Dracula's Guest and Other Weird Tales
Menacing tales from one of the masters of horror fiction
Although Bram Stoker is best known for his world-famous novel Dracula, he also wrote many shorter works on the strange and the macabre. Comprised of spine-chilling tales published by Stokers widow after his death, as well as The Lair of the White Worm, an intensely intriguing novel of myths, legends, and unspeakable evils, this collection demonstrates the full range of Stokers horror writing.
Extract from Dracula's Guest and Other Weird Tales by Bram Stoker
To many, Bram Stoker’s name has become synonymous with a single piece of work that, since its publication in 1897, has grown to typify the Victorian Gothic genre. Dracula, with its smorgasbord of sexual fantasies and social anxieties, has so far eclipsed anything else that he has written that, to the reader unaccustomed to Stoker’s oeuvre outside it, the extent and range of work that he produced will be somewhat surprising. Thirteen novels, two biographies, one play, one civil service manual and numerous lectures and short stories have all been overshadowed by a single vampire narrative. For a man who wrote so much, that so much should in turn be written about such a small section of his work is a paradox; Dracula remains at the forefront and the focus of both academic and popular interest.
This concept of paradox is actually wholly appropriate to Stoker’s work. Despite Dracula’s longstanding popularity, its literary merits are less assured, Maud Ellmann arguing that ‘the novel wouldn’t be so good if it weren’t so very bad’, whilst of his other works, ‘most of them [were] execrable’. In turn, in his introduction to the 1983 Oxford World Classics edition of Dracula, A. N. Wilson scoffed that, ‘No one in their right mind would think of Stoker as “a great writer”. Popular yet pulp, enduring yet unendurable — the sense of discrepancy inherent in Stoker’s work is also applicable to the author himself; the volume of literature that has been produced about Stoker since the revival of his reputation in the early 1970s testifying, ironically, to his indecipherability. Since 1962 four full-length biographies have been written which, whilst illuminating the facts about Stoker’s life, nevertheless fail to get to grips with the man himself. There is very little material extant in which Stoker bares his innermost thoughts. As enigmatic as his most renowned creation, Stoker himself confessed in a letter to Walt Whitman in 1872 that, ‘I…am naturally secretive to the world’.
The bare facts about Stoker’s life have provided rich pickings for literary detective work, and critics have tended to read his works as much for the potential biographical insight they can offer as for the stories they tell. The most manifestly persistent of these critical interpretations has been speculation about his sexual proclivities. Claims have been equally stringently made for Stoker’s rampant heterosexual carnality, his closet homosexuality, his anal fixations, oral fixations, Oedipus complex, fear of assertive women (especially mothers) and domination fetishes. The most enduring mystery surrounding Bram Stoker’s life in this respect has been his death. Locomotor Ataxia, a stated cause of death on Stoker’s Death Certificate, was hailed as proof of the author’s contraction of syphilis and thus womanizing reputation by Daniel Farson. Whilst this was rejected by Stoker’s third biographer, Barbara Belford, and similarly dismissed by Haining and Tremayne as ‘unproven’. Stoker’s most recent biographer, Paul Murray, has once more taken up the argument for his ‘likely’ syphilitic condition, citing the author’s stroke in 1906, his prescription for arsenic medication in 1910 and his stamping way of walking as evidence.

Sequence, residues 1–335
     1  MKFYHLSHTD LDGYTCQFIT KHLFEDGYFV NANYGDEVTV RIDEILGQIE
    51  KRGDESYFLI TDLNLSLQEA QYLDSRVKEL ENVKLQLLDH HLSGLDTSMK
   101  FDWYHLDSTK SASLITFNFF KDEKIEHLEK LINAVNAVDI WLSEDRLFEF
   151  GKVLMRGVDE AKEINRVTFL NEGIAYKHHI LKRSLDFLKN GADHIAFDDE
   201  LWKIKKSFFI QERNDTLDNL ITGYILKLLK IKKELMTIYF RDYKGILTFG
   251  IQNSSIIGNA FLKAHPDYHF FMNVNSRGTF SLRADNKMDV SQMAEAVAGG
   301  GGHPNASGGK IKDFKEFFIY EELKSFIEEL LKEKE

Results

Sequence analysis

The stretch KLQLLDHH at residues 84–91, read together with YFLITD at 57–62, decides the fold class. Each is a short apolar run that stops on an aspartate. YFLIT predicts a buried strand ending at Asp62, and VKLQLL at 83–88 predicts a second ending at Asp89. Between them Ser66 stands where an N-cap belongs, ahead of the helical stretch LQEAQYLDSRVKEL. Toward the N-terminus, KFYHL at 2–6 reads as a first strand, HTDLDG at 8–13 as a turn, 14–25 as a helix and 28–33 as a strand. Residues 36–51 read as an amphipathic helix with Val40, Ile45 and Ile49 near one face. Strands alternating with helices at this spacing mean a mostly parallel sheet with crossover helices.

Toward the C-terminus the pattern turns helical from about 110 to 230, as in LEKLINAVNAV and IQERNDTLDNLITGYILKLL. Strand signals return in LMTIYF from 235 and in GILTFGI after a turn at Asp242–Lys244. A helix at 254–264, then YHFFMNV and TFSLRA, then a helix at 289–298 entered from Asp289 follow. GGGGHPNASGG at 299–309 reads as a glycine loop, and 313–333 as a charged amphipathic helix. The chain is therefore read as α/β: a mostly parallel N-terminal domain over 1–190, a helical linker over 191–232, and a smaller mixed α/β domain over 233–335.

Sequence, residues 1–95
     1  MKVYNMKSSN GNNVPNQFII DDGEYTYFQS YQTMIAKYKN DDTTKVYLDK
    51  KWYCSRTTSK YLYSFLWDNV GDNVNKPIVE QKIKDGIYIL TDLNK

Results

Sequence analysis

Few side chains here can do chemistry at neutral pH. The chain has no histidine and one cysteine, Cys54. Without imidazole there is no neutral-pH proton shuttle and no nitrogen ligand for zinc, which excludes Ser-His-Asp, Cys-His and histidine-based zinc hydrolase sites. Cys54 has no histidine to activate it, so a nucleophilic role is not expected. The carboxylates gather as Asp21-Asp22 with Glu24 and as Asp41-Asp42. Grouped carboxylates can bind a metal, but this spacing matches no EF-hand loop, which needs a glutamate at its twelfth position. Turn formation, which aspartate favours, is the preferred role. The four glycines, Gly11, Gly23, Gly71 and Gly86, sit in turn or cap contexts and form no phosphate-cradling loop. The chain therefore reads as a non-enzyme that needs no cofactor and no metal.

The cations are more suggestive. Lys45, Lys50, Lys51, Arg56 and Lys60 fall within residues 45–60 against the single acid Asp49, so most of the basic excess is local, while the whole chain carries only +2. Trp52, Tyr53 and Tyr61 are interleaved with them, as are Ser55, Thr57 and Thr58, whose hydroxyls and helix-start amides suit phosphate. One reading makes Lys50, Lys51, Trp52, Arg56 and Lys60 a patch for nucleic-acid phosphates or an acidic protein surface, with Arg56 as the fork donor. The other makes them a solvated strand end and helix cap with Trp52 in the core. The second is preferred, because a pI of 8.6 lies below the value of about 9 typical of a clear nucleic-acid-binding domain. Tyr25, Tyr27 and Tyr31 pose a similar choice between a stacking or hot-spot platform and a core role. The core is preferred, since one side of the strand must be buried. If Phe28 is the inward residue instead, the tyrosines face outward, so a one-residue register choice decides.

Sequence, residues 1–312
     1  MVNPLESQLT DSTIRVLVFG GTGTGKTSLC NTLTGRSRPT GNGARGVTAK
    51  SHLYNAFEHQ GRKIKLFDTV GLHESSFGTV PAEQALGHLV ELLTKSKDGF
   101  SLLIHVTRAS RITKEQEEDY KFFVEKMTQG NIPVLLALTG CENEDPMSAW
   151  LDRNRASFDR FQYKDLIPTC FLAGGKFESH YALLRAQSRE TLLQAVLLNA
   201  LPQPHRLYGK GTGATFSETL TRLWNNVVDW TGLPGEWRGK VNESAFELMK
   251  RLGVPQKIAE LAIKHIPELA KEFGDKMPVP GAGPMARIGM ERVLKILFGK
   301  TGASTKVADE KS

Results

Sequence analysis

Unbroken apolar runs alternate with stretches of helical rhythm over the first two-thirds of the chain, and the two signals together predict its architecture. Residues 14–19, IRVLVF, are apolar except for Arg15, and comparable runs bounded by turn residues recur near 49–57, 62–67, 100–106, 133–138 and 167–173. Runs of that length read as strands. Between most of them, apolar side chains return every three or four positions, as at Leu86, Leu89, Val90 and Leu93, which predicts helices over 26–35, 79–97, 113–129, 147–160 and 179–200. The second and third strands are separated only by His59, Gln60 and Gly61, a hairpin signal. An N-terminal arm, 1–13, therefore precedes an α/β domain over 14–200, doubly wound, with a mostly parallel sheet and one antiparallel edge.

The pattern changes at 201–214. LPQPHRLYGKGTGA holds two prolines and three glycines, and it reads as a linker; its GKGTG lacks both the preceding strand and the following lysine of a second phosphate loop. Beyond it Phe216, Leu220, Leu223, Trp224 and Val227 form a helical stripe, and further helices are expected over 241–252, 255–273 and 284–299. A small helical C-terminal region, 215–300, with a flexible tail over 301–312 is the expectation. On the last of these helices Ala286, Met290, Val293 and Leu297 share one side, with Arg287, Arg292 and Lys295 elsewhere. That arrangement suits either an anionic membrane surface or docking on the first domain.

The virtual impenetrability of Stoker himself and the excesses contained within his fiction lend themselves to this outpouring of biographical conjecture. William Hughes and Andrew Smith argue that Dracula has become ‘the Freudian text par excellence’, revealing a wide range of repressed sexual desires and concerns. Among other interpretations, the syphilitic condition here too has been raised, the novel’s preoccupation with insanity, pestilence and implicitly sexual contamination being cited as evidence of Stoker’s own sexual ill-health.
To read novels solely for a glimpse of their biographical signposts, however, is to do both text and author a great disservice. Whilst fascinating in their own right as the last published works of Bram Stoker, the two hooks that comprise this volume, Dracula’s Guest and Other Weird Stories and The Lair of the White Worm also demonstrate that ultimately Stoker was a master of the Gothic genre, fully justifying his reputation alongside late-nineteenth-century greats’ such as Robert Louis Stevenson, H. G. Wells, Sheridan Le Fanu, Oscar Wilde and Arthur Conan Doyle.
Aside from the spine-chilling excellence of such stories as ‘The Burial of the Rats’, ‘The Squaw’ and ‘The Judge’s House’, Stoker offset his tales of the weird and uncanny with an experimental outlook that not only responded to the social conscience of the late nineteenth and early twentieth centuries, but also tapped into contemporaneous experimental movements in art and literature. Far from the rather slapdash image that Stoker’s fiction beyond Dracula has generated, such works can be seen to be the product of deep thought, research and a profound understanding of the society in which he lived. The Lair of the White Worm, for example, widely dismissed as ‘clearly the work of a man sick in mind if not in body’, is, in reality, an intensely intriguing novel, working on mythic, historical, social and sexual levels, whilst also responding to nineteenth- and early twentieth-century shifts in artistic expression. In short, Stoker was a popular fiction writer of significant aptitude, in tune with the undercurrents of the social thought and creative articulation of his time.